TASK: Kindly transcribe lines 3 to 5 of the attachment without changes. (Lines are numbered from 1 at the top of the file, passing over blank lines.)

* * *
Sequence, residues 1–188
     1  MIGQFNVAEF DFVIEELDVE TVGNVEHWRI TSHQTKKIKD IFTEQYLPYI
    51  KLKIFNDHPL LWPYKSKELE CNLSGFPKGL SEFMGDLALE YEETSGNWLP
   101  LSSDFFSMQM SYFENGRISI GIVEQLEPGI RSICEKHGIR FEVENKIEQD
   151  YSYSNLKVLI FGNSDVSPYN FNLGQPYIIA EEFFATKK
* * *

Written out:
    51  KLKIFNDHPL LWPYKSKELE CNLSGFPKGL SEFMGDLALE YEETSGNWLP
   101  LSSDFFSMQM SYFENGRISI GIVEQLEPGI RSICEKHGIR FEVENKIEQD
   151  YSYSNLKVLI FGNSDVSPYN FNLGQPYIIA EEFFATKK